JOINT BASE LEWIS-MCCHORD, Washington (AP) — A U.S. soldier was sentenced Friday to life in prison without a chance of release for massacring 16 Afghan civilians last year, one of the worst atrocities of the Iraq and Afghanistan wars.
A military jury announced the sentence hours after closing arguments ended, with prosecutors saying Staff Sgt. Robert Bales’ own “stomach-churning” words proved he knew what he was doing when he carried out the pre-dawn attack in March 2012.
Bales, 40, pleaded guilty in June in a deal to avoid the death penalty. He took the witness stand Thursday and apologized for the pre-dawn attack in March 2012, describing it as an act of cowardice.
Bales, a father of two, was serving his fourth combat deployment when he left his outpost at Camp Belambay, in Kandahar province, in the middle of the night to attack two villages.
Arguing Bales should not get parole, prosecutor Jay Morse showed jurors photos of a young girl who was killed as she screamed and cried. He showed surveillance video of Bales returning to his base with “the methodical, confident gait of a man who’s accomplished his mission.”
Defense attorney Emma Scanlan said no one can minimize the atrocities Bales committed but she urged jurors to consider his earlier military service and leave him with a “sliver of light” — a sentence of life with the possibility of parole after 20 years.
She read from letters sent by Bales’ fellow soldiers, one who said that a decade of seeing his fellow soldiers killed and maimed left him in a darkness that “swallowed him whole.”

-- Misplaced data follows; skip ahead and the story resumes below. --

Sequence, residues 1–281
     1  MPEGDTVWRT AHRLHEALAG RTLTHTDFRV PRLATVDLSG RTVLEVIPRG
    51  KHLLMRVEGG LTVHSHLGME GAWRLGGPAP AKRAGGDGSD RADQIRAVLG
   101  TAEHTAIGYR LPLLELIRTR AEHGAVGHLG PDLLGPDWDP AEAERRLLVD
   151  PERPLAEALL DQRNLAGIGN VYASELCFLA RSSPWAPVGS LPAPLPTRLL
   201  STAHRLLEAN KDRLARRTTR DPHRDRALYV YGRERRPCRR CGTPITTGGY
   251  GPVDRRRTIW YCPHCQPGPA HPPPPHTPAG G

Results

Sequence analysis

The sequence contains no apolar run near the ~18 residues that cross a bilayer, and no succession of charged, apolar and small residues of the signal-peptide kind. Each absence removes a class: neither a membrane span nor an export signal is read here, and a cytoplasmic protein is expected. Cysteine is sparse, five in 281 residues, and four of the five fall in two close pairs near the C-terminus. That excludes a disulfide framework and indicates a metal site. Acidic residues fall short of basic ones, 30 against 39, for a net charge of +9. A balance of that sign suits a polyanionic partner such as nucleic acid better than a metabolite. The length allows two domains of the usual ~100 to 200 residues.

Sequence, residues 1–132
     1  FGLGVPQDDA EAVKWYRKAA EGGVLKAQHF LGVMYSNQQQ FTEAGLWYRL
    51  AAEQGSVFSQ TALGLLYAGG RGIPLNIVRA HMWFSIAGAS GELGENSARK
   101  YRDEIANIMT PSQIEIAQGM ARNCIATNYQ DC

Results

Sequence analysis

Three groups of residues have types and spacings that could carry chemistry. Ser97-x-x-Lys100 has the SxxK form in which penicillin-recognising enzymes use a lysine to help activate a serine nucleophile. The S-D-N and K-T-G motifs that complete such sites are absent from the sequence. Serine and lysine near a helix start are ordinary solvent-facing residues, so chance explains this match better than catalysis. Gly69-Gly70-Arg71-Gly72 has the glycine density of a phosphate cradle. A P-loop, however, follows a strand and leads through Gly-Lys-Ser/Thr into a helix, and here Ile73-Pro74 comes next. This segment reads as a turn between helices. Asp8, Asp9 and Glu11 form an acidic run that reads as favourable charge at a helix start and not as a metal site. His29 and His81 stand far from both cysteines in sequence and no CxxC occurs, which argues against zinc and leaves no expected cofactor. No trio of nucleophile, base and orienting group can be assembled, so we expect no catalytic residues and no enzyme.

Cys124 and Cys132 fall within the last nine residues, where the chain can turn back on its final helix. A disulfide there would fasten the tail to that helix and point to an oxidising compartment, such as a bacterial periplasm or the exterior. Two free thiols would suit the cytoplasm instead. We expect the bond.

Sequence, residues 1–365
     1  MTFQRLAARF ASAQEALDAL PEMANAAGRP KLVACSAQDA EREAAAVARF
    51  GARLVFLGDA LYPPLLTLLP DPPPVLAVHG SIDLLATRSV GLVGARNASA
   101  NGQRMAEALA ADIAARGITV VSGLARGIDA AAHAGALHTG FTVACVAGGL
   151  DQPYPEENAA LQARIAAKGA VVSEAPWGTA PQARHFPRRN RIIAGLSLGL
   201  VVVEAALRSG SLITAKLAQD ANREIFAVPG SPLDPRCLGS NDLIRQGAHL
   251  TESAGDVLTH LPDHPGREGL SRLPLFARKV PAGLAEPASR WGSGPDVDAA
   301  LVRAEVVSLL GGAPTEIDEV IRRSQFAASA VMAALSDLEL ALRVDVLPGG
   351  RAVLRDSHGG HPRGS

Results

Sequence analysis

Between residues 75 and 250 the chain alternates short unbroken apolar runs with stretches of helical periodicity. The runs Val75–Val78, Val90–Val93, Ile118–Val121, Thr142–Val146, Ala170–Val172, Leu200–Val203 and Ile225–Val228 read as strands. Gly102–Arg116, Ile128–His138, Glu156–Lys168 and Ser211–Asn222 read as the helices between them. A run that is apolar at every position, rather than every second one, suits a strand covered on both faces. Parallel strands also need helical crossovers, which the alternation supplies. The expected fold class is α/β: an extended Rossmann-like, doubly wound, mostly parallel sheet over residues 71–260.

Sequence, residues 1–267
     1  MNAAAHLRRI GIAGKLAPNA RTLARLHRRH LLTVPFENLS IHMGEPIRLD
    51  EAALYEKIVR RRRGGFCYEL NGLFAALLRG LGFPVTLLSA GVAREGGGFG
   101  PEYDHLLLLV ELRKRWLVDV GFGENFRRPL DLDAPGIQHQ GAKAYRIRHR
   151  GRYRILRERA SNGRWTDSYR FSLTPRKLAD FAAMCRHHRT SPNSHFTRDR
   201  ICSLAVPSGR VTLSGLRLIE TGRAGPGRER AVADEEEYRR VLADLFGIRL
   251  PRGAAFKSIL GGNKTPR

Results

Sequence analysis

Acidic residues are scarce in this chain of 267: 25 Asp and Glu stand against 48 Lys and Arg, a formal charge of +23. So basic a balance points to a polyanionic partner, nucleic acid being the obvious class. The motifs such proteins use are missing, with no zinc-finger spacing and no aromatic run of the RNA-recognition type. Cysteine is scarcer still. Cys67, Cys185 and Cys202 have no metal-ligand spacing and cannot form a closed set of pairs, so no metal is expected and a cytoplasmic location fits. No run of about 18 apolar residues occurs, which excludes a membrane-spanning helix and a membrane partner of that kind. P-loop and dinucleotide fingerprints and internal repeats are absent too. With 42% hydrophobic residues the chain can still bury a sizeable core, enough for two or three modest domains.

Several survivors and family members of the victims who were flown to the U.S. testified this week, and one cursed Bales for attacking villagers as some slept and others screamed for mercy.
“If someone loses one child, you can imagine how devastated their life would be,” said Haji Mohammad Wazir, who lost 11 family members, including his mother, wife and six of his seven children.
He was serving his fourth combat deployment last year when he left his outpost in Kandahar province in the middle of the night to attack the villages, shooting his victims and setting some of their bodies on fire with a kerosene lantern.
His attorneys have suggested that post-traumatic stress disorder and traumatic brain injury may have played a role in the killings. But they offered no testimony from psychiatrists or other doctors.
If the defense can convince two of six jurors that Bales deserves leniency because he was a good soldier who simply “snapped,” he would be eligible for parole in 20 years.
Bales’ lawyers did their best to paint a sympathetic picture.
And Bales described the trouble he had readjusting to civilian life after his deployments to Iraq. He became angry all the time, he said. He began drinking heavily. He began to see a counselor but quit because he didn’t think it was working and he didn’t want others to find him weak.
His rage worsened as he deployed to Afghanistan in late 2011.